The American Psychological Association is on the defensive over its newly released clinical guidance (PDF) for treating boys and men, which links traditional masculinity ideology to a range of harms, including sexism, violence, mental health issues, suicide, and homophobia. Critics contend that the guidelines attack traditional values and innate characteristics of males.
The APA’s 10-point guidance, released last week, is intended to help practicing psychologists address the varied yet gendered experience of men and boys with whom they work. It fits into the APA’s set of other clinical guidelines for working with specific groups, including older adults, people with disabilities, and one for girls and women, which was released in 2007. The association began working on the guidance for boys and men in 2005—well before the current #MeToo era—and drew from more than four decades of research for its framing and recommendations.
That research showed that “some masculine social norms can have negative consequences for the health of boys and men,” the APA said in a statement released January 14 amid backlash. Key among these harmful norms is pressure for boys to suppress their emotions (the “common ‘boys don’t cry’ refrain”), the APA said. This has been documented to lead to “increased negative risk-taking and inappropriate aggression among men and boys, factors that can put some males at greater risk for psychological and physical health problems.” It can also make males “less willing to seek help for psychological distress.”
As proof of these harmful norms in action, the APA noted that compared with women, men are more likely to commit and be the victim of violent crimes, are more likely to die by homicide and suicide, and are more likely to have substance abuse issues and conduct disorders.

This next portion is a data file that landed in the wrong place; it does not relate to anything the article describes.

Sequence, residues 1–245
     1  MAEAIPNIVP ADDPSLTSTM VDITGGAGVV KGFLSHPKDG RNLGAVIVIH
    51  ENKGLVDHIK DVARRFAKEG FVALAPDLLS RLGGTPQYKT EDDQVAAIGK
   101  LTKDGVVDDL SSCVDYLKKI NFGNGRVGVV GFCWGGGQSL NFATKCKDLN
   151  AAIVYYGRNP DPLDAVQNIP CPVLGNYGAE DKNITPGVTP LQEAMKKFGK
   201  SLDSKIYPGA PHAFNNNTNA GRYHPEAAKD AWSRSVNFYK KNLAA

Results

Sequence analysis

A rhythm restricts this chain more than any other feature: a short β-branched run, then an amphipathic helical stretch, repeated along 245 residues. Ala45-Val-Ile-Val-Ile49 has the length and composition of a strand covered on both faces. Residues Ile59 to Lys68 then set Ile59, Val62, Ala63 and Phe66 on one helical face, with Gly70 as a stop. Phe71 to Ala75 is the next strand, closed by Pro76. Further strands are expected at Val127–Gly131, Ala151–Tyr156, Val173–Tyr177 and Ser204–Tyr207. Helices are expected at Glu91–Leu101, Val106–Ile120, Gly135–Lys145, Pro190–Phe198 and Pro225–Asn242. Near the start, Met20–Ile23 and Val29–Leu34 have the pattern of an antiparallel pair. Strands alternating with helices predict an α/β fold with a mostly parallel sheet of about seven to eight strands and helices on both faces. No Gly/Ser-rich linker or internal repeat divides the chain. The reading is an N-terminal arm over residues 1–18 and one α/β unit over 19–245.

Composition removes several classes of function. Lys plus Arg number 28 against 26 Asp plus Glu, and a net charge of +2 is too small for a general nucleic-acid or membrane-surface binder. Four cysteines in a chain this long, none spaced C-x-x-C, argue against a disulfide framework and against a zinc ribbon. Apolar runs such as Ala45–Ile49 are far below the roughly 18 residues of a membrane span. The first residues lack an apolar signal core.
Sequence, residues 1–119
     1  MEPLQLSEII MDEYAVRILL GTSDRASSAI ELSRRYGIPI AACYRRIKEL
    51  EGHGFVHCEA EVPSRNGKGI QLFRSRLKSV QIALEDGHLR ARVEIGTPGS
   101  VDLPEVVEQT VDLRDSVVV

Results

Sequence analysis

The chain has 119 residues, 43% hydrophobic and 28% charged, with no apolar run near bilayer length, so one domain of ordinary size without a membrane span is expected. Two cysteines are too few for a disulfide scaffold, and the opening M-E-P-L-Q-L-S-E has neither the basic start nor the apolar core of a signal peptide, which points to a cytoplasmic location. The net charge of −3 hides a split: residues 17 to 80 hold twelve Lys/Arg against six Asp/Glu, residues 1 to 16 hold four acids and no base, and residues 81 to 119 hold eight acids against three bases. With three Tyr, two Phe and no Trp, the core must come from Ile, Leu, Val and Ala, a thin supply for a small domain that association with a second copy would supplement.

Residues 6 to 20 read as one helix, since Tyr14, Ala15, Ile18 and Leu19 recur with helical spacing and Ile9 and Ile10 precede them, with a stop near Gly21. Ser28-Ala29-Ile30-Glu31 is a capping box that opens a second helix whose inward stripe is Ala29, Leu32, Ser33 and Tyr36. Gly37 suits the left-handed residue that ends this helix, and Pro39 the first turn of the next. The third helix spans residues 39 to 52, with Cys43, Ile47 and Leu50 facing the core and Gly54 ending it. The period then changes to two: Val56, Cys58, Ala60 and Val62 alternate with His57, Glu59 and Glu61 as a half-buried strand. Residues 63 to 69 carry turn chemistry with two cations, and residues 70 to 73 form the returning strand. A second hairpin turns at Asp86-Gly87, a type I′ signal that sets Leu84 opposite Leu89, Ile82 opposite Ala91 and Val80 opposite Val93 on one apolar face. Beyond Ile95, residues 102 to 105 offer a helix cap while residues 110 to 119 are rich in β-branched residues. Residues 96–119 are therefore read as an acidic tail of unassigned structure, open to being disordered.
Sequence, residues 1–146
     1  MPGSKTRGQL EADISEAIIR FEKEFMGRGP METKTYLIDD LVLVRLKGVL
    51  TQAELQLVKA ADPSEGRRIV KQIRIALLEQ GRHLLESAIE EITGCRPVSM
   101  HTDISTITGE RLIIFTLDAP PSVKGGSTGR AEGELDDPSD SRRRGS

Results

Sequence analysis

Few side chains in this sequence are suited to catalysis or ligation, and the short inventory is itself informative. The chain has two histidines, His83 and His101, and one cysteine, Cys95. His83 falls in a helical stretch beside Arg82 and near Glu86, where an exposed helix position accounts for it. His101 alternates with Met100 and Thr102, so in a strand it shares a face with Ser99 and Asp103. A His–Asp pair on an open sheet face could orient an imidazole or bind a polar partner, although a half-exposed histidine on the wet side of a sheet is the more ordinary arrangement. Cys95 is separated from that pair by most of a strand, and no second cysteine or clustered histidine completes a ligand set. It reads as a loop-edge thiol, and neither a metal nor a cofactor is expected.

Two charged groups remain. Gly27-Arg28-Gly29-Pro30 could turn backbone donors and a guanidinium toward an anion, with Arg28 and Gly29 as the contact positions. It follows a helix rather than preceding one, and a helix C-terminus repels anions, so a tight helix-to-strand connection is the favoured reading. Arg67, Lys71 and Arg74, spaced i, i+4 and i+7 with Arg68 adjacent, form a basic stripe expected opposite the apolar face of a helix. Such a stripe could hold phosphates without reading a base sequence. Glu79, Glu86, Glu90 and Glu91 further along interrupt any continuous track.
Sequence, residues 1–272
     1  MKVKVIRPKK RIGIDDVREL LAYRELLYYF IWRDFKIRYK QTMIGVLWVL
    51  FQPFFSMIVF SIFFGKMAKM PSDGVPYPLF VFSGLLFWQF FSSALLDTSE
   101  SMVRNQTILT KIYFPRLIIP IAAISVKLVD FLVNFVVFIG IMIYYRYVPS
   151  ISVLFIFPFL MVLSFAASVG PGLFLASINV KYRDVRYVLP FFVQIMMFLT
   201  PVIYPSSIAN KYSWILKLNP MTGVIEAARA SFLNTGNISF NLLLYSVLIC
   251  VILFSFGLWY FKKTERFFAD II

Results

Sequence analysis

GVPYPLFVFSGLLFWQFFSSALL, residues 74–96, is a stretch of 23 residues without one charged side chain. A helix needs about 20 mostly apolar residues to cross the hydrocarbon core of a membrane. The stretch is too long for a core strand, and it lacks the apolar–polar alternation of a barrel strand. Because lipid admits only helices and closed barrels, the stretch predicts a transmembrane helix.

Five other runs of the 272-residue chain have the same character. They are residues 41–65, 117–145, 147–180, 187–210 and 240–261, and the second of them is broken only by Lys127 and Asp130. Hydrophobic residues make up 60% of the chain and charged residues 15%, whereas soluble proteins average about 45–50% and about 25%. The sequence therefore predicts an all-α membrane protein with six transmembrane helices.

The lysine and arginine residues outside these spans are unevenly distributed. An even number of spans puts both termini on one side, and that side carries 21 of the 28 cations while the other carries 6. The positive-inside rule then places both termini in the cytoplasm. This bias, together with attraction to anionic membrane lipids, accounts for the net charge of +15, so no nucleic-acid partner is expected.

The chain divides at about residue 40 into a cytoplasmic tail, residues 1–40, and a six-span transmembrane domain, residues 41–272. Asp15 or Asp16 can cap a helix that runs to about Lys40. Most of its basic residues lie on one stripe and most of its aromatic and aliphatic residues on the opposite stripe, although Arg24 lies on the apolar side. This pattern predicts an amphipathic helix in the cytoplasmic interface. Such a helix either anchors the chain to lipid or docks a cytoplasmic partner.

“Therefore, compelling evidence exists supporting the need for guidelines for psychologists who provide services to boys and men,” the APA concluded in the introduction of its guidelines.
The clinical recommendations went on to lay out 10 actionable items to help practicing psychologists approach masculinity issues and better serve their male clients. This included addressing power and privilege, promoting interpersonal relationships, encouraging fathers to be positively involved in family, and supporting educational efforts.
Along the way, the guidelines addressed the pitfalls of “traditional masculinity,” defined as “anti-femininity, achievement, eschewal of the appearance of weakness, and adventure, risk, and violence.” Rigid adherence to this ideology can lead to a range of issues, from homophobia, sexual violence, and bullying to cardiovascular problems, the guidance cautioned.
Criticism has been swift and sharp, particularly from conservative voices and outlets. Some accused the association of stereotyping men. Others took exception to the conclusion in an APA magazine article about the guidelines that traditional masculinity is, “on the whole, harmful,” though the guidelines themselves do not state this conclusion.
In a piece in the , senior writer David French wrote:
We do our sons no favors when we tell them that they don’t have to answer that voice inside them that tells them to be strong, to be brave, and to lead. We do them no favors when we let them abandon the quest to become a grown man when that quest gets hard… traditional masculinity isn’t the problem; it can be part of the cure.
In his Intelligencer blog for conservative commentator Andrew Sullivan wrote that “the decision by the APA to pathologize half of humanity is terrible news.”
As you read the guidelines, you realize that the APA believes that psychologists should be informing men that what they might think is their nature is actually just a set of social constructs that hurt them, murders thousands, and deeply wounds the society as a whole.
In its apparent rebuttal this week, the APA argued that violence and aggression aren’t “hardwired” into men and that it hopes to help men embrace their masculinity—the good bits, at least.
Psychologists who treat men and boys already know that their male clients aren’t stereotypes. They have feelings, needs, and desires. They’re adaptable. They possess many positive masculine characteristics. The guidelines are designed to give psychologists a framework to help men and boys embrace their masculinity in ways that are helpful, rather than harmful, to their health and quality of life.